Secret “Russian subs” off Sweden, tit-for-tat sanctions, NATO fighters scrambling to intercept Russian warplanes: relations between the West and Moscow over Ukraine have sparked incidents reminiscent of the Cold War that terrified the world for decades.
Even Cold War doyen Mikhail Gorbachev used the highly symbolic 25th anniversary of the fall of the Berlin Wall to warn the world was “on the brink of a new Cold War”, adding that “some are even saying that it has already begun”.
And it’s not just former leaders. Finland’s Prime Minister Alexander Stubb also sounded the alarm, saying that Russia’s actions over Ukraine were bringing the world to the “brink of a Cold War.”
But while experts agree that the current situation is extremely dangerous, they say it is very different to when the two nuclear-armed superpowers faced off, seemingly only minutes away from all-out global destruction.
Instead of a Cold War, experts see a period of geopolitical rebalancing after years of the United States assuming the role of sole superpower.
– ‘Expansionist, ideological power’ –
Several factors in the current tension between Washington and Moscow differ from the terrifying limbo that existed between the superpowers until the Berlin Wall fell in 1989, experts say.
Firstly, the Cold War was more than a conflict between two competing superpowers, it was a battle of ideology, a battle of ideas, which simply no longer exists, Evseev told AFP.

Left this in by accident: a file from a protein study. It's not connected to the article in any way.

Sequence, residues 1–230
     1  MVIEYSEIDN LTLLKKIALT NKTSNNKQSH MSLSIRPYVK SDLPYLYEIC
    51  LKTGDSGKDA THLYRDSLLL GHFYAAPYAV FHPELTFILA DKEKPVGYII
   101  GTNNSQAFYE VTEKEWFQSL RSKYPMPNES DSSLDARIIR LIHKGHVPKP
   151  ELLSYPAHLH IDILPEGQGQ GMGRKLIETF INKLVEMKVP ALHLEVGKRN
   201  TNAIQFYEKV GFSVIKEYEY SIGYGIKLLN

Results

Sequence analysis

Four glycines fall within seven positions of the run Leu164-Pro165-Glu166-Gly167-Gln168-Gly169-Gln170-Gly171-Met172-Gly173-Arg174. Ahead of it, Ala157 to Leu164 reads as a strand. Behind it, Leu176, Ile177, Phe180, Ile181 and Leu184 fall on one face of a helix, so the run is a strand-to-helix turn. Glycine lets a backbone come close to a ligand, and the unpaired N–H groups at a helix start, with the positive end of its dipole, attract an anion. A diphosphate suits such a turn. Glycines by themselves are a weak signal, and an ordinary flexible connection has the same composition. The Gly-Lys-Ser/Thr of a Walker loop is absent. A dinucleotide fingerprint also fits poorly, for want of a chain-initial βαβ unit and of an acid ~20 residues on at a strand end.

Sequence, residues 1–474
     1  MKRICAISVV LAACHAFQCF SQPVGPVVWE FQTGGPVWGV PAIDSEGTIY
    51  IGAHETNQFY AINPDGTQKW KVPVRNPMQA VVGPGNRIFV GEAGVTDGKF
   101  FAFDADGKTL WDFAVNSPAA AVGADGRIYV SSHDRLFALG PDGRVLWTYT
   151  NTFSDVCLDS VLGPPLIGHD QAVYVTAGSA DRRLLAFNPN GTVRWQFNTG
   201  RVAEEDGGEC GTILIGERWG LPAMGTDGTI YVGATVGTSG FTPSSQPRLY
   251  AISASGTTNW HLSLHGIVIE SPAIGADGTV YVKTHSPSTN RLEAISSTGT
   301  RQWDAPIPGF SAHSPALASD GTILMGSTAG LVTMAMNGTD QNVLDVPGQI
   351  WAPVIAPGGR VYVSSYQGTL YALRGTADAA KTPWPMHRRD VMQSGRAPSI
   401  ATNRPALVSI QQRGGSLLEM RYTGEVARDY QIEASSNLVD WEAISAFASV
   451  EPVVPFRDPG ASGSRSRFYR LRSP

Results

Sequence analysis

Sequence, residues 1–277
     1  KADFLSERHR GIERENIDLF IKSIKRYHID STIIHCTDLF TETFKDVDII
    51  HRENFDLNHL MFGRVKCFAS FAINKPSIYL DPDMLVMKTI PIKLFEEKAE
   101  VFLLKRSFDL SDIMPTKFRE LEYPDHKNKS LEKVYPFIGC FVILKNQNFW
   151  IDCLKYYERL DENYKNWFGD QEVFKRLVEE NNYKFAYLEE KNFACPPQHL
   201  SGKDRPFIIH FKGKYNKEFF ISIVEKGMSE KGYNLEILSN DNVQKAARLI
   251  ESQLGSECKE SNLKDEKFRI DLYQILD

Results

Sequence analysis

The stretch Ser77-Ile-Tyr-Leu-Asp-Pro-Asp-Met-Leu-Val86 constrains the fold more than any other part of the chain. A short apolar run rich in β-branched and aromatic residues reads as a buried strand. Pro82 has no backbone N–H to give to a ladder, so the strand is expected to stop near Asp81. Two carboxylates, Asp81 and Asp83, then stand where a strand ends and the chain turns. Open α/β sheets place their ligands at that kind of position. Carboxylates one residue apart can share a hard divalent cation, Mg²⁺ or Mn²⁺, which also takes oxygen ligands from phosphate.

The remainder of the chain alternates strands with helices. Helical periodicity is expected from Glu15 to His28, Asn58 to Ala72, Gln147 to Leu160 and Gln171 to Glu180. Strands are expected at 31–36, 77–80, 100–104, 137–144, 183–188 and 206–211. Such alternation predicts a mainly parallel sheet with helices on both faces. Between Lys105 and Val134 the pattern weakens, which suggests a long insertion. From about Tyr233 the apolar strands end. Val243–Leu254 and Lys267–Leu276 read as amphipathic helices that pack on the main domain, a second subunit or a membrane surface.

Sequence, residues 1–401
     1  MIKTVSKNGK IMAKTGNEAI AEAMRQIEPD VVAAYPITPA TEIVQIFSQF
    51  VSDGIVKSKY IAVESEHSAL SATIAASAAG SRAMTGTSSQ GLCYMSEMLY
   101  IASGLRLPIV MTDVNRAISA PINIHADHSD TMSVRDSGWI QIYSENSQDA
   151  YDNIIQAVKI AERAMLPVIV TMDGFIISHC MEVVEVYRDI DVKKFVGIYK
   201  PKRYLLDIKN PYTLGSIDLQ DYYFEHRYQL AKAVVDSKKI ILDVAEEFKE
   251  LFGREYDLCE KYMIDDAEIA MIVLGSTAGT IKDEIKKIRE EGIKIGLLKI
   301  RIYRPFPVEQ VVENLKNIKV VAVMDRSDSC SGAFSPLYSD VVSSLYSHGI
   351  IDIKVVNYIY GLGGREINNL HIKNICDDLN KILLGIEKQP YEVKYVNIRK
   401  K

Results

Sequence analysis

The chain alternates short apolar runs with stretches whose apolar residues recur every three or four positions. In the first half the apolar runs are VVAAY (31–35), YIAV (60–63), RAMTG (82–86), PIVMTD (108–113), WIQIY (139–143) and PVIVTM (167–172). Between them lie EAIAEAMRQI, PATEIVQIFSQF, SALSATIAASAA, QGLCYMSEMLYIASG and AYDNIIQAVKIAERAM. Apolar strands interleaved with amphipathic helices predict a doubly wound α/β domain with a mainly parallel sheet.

Quite simply, as unpalatable as Vladimir Putin’s Russia is to the West at the moment, it is a long way from being the Soviet Union that antagonised Washington and Europe for decades.
Seismic changes have also taken place politically and economically since the collapse of the Iron Curtain, making it impossible to talk of a re-run of the Cold War.
Despite sanctions over Ukraine, the Russian and Western economies are deeply intertwined and politically, Moscow and the West work together on several other thorny issues, notably on preventing Iran acquiring a nuclear bomb.
– ‘Cold peace’ –
So what do we have if not a Cold War? Camille Grand from the Paris-based Foundation for Strategic Research says he prefers the term “Cold Peace”.
The West has to realise that it has entered a new period in geopolitics and “stop wasting our time hoping it will go back to normal,” said the analyst.
However, Radchenko points out one similarity with that period in history: the conflict in Ukraine is being “pursued through proxies”.